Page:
India has scrapped a tax on imports of open cell TV panels, used to make television displays, in a move likely to boost television manufacturing in the country and counter incentives offered by nations such as Vietnam.
New Delhi had charged a 5 percent import tax on open cell TV panels, which was a factor in Samsung Electronics’ decision last year to shut its TV production unit in India and move production to Vietnam.
Indian Prime Minister Narendra Modi’s government is keen to position India as an attractive electronics manufacturing destination at a time when growth in India has slowed sharply, and Washington and Beijing are engaged in a drawn-out trade war.
The dispute between the United States and China has led to higher tariffs on goods worth tens of billions of dollars and disrupted global supply chains, prompting companies to look at other countries to escape higher tariffs.
Amid suggestions that India is late to capitalise on the trade war, ministries have been asked to submit policies and incentive structures to the country’s foreign investment promotion agency, Reuters has previously reported. Nine sectors including electronics, autos, pharmaceuticals and telecoms will be targeted.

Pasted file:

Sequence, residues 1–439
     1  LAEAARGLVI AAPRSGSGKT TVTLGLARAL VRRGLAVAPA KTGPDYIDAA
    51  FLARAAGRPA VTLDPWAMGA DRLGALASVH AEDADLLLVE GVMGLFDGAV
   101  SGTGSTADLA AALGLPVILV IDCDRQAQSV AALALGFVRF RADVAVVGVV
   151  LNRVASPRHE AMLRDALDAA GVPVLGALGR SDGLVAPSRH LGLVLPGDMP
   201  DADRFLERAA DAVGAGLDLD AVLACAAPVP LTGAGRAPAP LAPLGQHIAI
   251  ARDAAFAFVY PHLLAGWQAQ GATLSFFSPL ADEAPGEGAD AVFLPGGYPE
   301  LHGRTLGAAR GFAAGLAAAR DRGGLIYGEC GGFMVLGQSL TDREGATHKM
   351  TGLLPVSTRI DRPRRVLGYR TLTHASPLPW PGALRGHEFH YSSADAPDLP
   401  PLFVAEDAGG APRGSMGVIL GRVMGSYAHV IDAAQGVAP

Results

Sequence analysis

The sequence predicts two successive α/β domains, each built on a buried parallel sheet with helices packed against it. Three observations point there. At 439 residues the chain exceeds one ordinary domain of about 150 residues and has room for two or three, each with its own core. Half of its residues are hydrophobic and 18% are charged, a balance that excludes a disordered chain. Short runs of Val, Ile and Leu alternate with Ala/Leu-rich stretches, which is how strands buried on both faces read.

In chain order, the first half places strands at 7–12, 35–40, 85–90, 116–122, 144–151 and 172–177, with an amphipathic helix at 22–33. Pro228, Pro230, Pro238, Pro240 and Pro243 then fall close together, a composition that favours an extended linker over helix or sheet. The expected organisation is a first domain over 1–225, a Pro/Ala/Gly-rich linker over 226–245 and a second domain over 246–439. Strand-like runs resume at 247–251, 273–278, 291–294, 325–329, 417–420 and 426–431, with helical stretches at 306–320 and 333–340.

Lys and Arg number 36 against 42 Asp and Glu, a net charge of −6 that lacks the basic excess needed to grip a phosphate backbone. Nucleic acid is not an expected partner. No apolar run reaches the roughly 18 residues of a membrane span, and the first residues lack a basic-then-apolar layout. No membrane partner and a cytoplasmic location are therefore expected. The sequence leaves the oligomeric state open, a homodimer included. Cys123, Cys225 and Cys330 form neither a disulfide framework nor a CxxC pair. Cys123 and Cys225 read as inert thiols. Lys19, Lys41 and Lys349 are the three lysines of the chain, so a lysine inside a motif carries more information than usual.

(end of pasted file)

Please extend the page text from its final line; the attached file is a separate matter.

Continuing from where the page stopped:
The move to scrap the tax on open cell panels is a step in the right direction, said Vikas Agarwal, the India head of OnePlus, a Chinese firm known for high-end Android smartphones.
“TV is the next big focus for us. Any incentives or benefits are good for us,” said Agarwal, whose firm is seen making a foray into television sales in the country.
The federal government’s decision would also provide respite to local TV manufacturers, which have been hit by cheap imports from Vietnam, said Manish Sharma, CEO of Panasonic India, the fourth biggest TV manufacturer in India.
“The move will allow us to pass the (cost) benefits to the end-consumer, which would mean an about 3-4 percent reduction in price, thus providing the necessary thrust to the market,” he said.
© Thomson Reuters 2019